Thursday, December 20, 2007

Fire Pit in Use!

I've been looking for an inexpensive way to get some wood for the fire pit. So when Tom mentioned he was having nine trees removed from his property, I asked him if I could have some of the resulting logs. He agreed! Last weekend I went to his house and loaded up my hatchback. He had the most amazing wood pile I have ever seen.

Here's the bones of an old fire.

I had another picture of a roaring fire from the other night but I accidentally deleted it. Doh!

Wednesday, December 19, 2007

This is what my compost looks like these days. A friend of my neighbor's brought over a huge garbage bag of Starbuck's coffee grounds--apparently they give them to anyone who asks--so I added that and water and stirred it up a bunch and I think it's going to be superfertile in there now. I want some of the scraps I throw in there to sprout seeds. Then I get free plants.

Those vines I planted (passionflower and wild honeysuckle) to beautify it are slowly coming back to life. Here's the passionflower. Probably the latest freeze killed it, but now I'm pretty sure it'll bounce back.

It's going to take a while, but by God I will have a vine-covered compost heap with pretty flowers eventually!

More Winter Veggies

I will admit that I have doubts about whether I will actually get some vegetables this winter. I may have planted seeds too late, I don't really know if the media is tapped out, and I'm not totally sure the sprouts're getting enough light.

BUT. It never fails to thrill me when seeds sprout.


No idea what this is. Spinach?

Monday, December 17, 2007

Emily's Farm

This weekend Emily had a holiday party at her house, which is on her in-laws' farm just south of town. It's such a special place. The family has been on the farm some ridiculously long period of time, from back when settlers were unironically named "Innocent" and "Charity." (Well, maybe it was just a pre-irony time altogether.)

Anyway, Em's husband, John, took me on an awesome extended tour of the farm, and I got to take some photos.

This is two huge live oaks that decided to live in peace and harmony by growing away from each other. How do trees know to do that? It amazes me.

When I see live oaks draped with Spanish moss like this, it makes me think of how North Florida must have looked in prehistoric times.

The sun was going down and the light was really beautiful on the cabbage palms as we looked out at the prairie.

Sadly, a lot of farms like this are quickly disappearing from the Florida landscape. Family agriculture is always pretty marginal, and developers pay a lot of money to get their hands on this pristine land. People move to places like this for the beautiful green spaces and "nature," but buy houses that preclude the existence of viable habitat.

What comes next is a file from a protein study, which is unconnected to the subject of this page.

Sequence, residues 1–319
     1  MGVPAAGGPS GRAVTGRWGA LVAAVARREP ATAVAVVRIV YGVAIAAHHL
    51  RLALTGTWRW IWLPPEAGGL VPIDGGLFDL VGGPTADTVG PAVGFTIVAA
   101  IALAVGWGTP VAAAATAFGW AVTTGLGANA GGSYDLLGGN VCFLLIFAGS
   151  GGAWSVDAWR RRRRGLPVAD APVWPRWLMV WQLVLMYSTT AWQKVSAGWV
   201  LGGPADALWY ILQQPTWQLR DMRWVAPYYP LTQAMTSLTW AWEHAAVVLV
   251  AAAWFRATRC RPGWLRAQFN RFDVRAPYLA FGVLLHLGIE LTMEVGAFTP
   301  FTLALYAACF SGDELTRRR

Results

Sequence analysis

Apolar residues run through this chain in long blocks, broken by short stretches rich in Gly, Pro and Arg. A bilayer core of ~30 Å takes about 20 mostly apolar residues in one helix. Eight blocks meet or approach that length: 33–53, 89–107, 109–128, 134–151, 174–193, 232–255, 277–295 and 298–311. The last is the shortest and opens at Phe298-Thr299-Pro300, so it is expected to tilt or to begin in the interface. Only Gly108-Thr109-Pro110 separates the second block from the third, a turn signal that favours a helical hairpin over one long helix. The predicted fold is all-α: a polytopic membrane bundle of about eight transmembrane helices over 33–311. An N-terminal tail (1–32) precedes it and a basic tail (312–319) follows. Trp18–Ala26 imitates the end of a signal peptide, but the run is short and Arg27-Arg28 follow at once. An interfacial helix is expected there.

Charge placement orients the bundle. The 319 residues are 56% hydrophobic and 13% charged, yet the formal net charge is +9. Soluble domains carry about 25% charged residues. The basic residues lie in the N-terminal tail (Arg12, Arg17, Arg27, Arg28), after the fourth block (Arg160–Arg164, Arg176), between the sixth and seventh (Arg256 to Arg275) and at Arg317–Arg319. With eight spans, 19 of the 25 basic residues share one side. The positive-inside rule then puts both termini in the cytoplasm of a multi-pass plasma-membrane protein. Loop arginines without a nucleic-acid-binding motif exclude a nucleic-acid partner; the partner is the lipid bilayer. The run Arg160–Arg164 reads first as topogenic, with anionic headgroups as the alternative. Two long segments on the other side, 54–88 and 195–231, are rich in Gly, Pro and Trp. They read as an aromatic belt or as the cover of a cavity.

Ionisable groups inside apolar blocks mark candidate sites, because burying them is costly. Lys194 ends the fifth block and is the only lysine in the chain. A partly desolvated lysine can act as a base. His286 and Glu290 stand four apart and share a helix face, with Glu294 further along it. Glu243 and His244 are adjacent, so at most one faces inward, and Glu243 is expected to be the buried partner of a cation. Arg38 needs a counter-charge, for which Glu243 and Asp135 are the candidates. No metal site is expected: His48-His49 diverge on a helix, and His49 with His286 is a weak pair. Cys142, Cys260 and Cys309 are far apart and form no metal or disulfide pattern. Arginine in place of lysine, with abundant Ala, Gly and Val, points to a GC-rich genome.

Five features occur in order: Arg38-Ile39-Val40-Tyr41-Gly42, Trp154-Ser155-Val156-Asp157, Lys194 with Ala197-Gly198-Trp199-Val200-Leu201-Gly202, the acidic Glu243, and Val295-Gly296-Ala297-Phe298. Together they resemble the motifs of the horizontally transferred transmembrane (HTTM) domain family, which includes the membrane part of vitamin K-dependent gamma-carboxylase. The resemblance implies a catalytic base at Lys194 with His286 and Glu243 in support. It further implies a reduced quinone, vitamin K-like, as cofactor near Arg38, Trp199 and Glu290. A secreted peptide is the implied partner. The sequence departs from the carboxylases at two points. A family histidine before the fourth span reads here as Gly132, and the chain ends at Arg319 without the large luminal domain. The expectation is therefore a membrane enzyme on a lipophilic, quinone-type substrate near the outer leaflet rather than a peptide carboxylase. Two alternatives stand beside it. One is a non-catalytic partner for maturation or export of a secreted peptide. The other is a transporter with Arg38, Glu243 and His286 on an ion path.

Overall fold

Agriculture is important to the state because the green space it provides allows rainwater to soak back into the aquifer (from where we get almost all our drinking water), unlike paved areas. Green space also produces oxygen and helps cleanse our air, raises the value of our homes, and provides important wildlife habitat.

Besides a bunch of recalcitrant cattle, on our drive we saw alligators, several flocks of sandhill cranes flying in to roost for the night, and a large red-tailed hawk on the hunt. I'm sure there are also plenty of foxes, deer, and bald eagles around there--and even bobcats, panthers, bears, and whooping cranes.

Random Plants, No Flowers

My mom gave me this plant about a year ago, and it's grown a lot since then. I like how it has pink foliage. I found out it's called a red slipper spurge or devil's backbone.

This enormous rosemary bush just appeared at the end of my driveway one day. I ignored it for a few days, figuring its presence would be explained eventually, until my friend Tia asked if I had liked her gift. Then I started watering it. I need to find a recipe I can use rosemary in.

My woodland blue phlox (purchased at a native plant sale this year) was looking pretty rough for a while, but is now sporting a lot of new growth, which I tried to take a photo of:

It sort of just looks like a big mass of green. Sometimes digital cameras really mess up perspective. Oh, well--I tried!

Thursday, December 13, 2007

"Winter" Bloomers

Supposedly it's winter now, but tell that to the mosquitoes. It's been in the 70s or 80s consistently for weeks.

My garden actually has a lot of blooms right now. I didn't have any of these particular plants last year this time, so I don't know if this is typical of December or what.

The giant camellia bush got its first flowers!

My winter annuals (violas, etc.) are really thriving.

My strawberries are going to town!

This is a plant I got from work and put in a large planter. It's a bush daisy.

Ditto this one. It's a buttercup.

And my wax begonia is pretty happy, too.

It's nice to have so many flowers around! Not that it's gray and gloomy out. But still.

Tuesday, December 11, 2007

Indoor Plants

Moving is always interesting because you have to start over in basically every way. By the time I had left my old house, I had finally figured out how much light all my indoor plants needed and had them all strategically positioned.

It's taken me a month or two, but I think I've got all my plants where they need to be in the new place to thrive.

This is my Christmas cactus. I bought it last year at our department's holiday plant sale. It's by my front door in a really low-light place, being the only plant I have that would be ok there. But because it gets light at night, it doesn't know when to bloom--its circadian rhythms are all out of whack (kinda like mine).